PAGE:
As a species we have always been obsessed with finding hidden treasures in search of wealth, success and happiness. Man has struggled, toiled and risked his life to find the hidden treasures such as gold, silver and companionship.
For as long as I can remember I read books, studied science and technology, practiced martial arts obsessively and watched sports to find the secrets of being a master or a champion. The more I learnt about a subject, skill or sport the essence became more obscure and difficult to find. I was going crazy with all the information. I desperately needed to make things simple.
To get to the heart or the essence you have to strip away the unessentials. Peel away the outer layers or the skin to get to the juicy fruit. Legendary martial artist Bruce Lee captured the essence.
“It’s not the daily increase but a daily decrease. Hack away at the unessentials to find the truth” Bruce Lee
Strive to make things simple and focus on practice to achieve mastery.
“Things must be made as simple as possible and not any simpler” Albert Einstein
Once you have identified the essentials or the essence of any skill, knowledge or sport focus intensely on mastering them.
“I fear not the man who has practiced 10,000 kicks, but I fear the man who has practiced one kick 10,000 times” Bruce Lee.
Let me illustrate with 4 examples
1. Essence of Sports
There are hundreds of moves, forms (kata) and drills to learn a martial art such as karate and perform efficiently and effectively to earn a black belt individually and with an opponent. However, the essence is only a few techniques.
Punches – straight, up and round (from left to right and vice verse). In boxing they are called left jab, right cross, hook and uppercut
Kicks – front, side, roundhouse (front and back)
Attack and evasion — move forward, backwards and sideways
To win in combat you must do these movements faster, stronger and longer than your opponent and at the right time. This is simple but not easy. You much practice daily to develop the speed, power and endurance. The key to mastery is repetition.
“Repetition is the mother of skill”. Tony Robbins
If you notice the top tennis players in the world they will only have one or two shots where they are better than anyone else. They are the best at either at the serve, forehand, backhand, serve and volley with an occasional drop shot. The rest depends on speed, power, endurance and timing.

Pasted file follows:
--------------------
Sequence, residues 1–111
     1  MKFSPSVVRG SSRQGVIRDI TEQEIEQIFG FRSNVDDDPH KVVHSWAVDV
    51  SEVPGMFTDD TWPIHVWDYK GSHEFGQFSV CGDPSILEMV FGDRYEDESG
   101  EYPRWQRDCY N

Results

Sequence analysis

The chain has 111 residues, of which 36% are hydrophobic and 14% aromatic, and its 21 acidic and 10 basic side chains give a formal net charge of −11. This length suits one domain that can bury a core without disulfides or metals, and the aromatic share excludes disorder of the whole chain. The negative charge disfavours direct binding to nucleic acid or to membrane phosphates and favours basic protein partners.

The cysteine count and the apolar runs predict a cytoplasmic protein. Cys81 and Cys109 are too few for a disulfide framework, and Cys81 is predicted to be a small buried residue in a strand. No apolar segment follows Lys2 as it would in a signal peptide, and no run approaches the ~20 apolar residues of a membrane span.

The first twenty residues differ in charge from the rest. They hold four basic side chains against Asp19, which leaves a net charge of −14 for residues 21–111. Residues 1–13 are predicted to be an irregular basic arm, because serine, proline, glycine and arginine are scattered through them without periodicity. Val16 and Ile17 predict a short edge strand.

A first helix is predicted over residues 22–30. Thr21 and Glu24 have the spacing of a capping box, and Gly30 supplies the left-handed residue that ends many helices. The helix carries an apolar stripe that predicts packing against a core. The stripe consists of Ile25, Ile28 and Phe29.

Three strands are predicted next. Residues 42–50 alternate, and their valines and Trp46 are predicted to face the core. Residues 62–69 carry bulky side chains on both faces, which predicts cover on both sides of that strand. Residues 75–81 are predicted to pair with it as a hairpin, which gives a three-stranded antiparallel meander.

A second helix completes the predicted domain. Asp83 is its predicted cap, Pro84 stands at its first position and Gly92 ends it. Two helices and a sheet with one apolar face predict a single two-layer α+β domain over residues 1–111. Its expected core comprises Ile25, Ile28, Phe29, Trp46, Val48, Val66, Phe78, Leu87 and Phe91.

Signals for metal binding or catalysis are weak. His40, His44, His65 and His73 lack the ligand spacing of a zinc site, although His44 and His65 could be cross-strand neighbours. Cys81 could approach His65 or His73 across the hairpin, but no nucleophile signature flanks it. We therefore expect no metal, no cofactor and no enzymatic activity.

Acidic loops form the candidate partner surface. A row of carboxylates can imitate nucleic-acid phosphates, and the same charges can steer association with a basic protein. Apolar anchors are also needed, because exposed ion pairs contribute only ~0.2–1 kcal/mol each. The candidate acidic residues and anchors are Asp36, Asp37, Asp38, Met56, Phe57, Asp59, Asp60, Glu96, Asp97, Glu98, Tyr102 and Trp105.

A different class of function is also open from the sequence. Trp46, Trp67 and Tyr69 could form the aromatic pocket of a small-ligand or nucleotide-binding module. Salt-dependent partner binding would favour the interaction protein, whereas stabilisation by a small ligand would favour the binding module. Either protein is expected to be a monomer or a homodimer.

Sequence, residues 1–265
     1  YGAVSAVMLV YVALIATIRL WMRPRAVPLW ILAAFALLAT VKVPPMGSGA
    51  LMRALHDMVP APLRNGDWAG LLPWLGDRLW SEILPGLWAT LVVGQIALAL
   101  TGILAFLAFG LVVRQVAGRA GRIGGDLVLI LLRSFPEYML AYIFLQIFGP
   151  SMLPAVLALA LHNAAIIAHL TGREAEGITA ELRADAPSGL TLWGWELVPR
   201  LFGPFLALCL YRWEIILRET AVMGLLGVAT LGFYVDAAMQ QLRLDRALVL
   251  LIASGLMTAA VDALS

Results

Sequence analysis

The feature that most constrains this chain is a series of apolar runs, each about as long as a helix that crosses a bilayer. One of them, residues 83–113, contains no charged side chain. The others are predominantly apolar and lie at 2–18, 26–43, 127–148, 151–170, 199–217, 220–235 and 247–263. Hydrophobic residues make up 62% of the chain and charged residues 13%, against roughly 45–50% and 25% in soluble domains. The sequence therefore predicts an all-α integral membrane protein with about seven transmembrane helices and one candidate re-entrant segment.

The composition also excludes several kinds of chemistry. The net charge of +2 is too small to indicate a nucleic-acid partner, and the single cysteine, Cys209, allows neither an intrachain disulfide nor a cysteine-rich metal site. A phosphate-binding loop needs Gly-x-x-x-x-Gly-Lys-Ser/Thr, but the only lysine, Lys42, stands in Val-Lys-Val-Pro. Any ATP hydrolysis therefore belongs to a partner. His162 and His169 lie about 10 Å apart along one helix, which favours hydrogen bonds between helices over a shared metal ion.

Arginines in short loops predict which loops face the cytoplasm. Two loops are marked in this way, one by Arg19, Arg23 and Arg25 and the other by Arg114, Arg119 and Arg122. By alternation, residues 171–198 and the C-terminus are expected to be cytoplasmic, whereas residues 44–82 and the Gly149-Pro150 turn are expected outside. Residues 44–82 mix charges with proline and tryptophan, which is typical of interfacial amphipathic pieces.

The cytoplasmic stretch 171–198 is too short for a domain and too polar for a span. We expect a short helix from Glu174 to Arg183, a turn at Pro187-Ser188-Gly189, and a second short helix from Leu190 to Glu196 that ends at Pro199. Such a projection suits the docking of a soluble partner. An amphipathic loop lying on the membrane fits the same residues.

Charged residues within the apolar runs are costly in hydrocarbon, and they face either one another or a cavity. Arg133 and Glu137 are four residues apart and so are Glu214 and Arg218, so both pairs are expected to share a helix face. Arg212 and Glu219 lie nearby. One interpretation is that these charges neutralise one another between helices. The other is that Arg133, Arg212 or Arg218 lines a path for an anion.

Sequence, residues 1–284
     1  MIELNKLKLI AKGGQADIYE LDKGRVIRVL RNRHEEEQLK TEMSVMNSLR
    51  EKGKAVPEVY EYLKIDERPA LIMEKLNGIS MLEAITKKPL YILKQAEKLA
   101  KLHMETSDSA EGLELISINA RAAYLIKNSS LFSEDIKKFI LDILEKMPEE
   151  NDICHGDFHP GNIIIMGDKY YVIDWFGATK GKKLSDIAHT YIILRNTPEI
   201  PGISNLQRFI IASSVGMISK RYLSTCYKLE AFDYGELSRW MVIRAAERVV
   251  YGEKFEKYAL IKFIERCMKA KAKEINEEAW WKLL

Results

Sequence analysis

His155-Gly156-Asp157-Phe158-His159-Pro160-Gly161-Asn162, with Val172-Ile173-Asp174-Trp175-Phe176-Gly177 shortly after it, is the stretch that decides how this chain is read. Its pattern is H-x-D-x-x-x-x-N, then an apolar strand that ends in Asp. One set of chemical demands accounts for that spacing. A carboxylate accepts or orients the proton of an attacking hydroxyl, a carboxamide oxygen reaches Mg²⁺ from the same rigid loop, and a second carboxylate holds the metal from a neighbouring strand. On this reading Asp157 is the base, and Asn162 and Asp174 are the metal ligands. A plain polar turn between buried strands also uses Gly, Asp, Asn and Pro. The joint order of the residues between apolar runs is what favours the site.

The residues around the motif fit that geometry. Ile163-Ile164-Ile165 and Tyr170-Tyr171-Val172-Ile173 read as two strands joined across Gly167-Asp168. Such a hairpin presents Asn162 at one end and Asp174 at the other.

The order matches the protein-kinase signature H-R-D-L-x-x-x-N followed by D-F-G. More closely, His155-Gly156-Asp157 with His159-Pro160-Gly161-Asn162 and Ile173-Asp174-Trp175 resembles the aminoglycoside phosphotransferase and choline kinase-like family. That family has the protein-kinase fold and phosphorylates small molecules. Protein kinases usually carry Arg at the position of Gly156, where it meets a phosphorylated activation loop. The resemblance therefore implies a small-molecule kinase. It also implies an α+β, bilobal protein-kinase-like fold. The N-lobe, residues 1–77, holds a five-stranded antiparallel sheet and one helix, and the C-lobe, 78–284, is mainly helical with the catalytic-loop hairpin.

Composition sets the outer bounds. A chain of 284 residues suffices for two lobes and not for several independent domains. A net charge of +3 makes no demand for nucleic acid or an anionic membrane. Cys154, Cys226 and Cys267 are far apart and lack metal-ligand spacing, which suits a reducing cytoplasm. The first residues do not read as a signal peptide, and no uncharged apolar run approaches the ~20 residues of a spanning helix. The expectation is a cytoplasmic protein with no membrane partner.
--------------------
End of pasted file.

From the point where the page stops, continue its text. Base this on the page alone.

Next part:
2) Essence of strength
To develop great strength focus on just 3 exercises. Do 5 repetitions and 5 sets 3 times a week with maximum weight you can manage.
i) Bench press
iii) Dead lift
Make sure you warm up throughly and concentrate on low repetition with heavy weight. As your muscles get stronger add a little more weight. Eat more protein and vegetables. Get plenty of rest.
3) Essence of doing a PhD
To do an excellent PhD find out what has already been done and do something new. You then have to write it up in a theses. The essence involves doing 3 things daily
i) Read 1 paper, article or page
ii) Plan and do 1 experiment.
iii) Think about your results, compare them with other people and write up the experiment.
These 3 things make up for over 90% of what counts. The rest is easy and involves training, seminars, meetings, conferences, presentations, viva and discussions.
4) Essence of Learning
To remember new information or learn any subject whether it is science or humanities or languages is simple but requires effort. Follow these 3 steps
i) Associate what you want to learn with something you already know in a ridiculous, exaggerated and weird way.
ii) Picture it in your mind. See it, feel it, smell it, touch it and hear it.
iii) Repeat frequently
You must apply these three steps to the right materials. Choose the material using the Pareto Principle commonly known as the 80/20 rule which dictates that 80% of the results in any endeavour come from 20% of the input, material, or effort. When you apply it to learning a new language then you can understand 95% of a language and hold a good conversation is a few months of focused learning. However to learn 98% of a language may take 10 years. To learn English it will take you a week or two to learn the 100 most common words.
About half of all written English involves these 100 words and the first 300 words make up 65% of English Language. This can be applied to other languages such as Hindi and Urdu. To develop vocabulary beyond the most common 300 words focus on reading about subjects that you are most passionate about. Reading news papers or something you have no interest will make you quite after a while. Use the language as a vehicle to learn more about a subject. If you have poor material then you will be rubbish at the language you’re trying to learn.
It is difficult for westerners to learn Indian languages. The words, sounds, structure and pronunciations seem weird. My sister-in-law, a native American, learnt to understand and speak fluent Hindi and Urdu in a few months by watching Bollywood movies everyday. She never attended any classes or used language tapes or books and shocked the whole family with her fluency. Her motivation was to enjoy the movies. She loved the fancy costumes and exotic locations in these films. By the way the stories are always the same. Once she understood the basic grammar she acquired vocabulary surprisingly quickly just by watching popular Indian dramas daily. She has picked up all the culture and customs along with the languages. She cooks great Indian dishes as well.
If enjoy the material then you will invest the time and get a very return on you investment of effort. Focus on the essence, commit to mastering the fundamentals and in no time I’ll see you at the top or on stage accepting your PhD.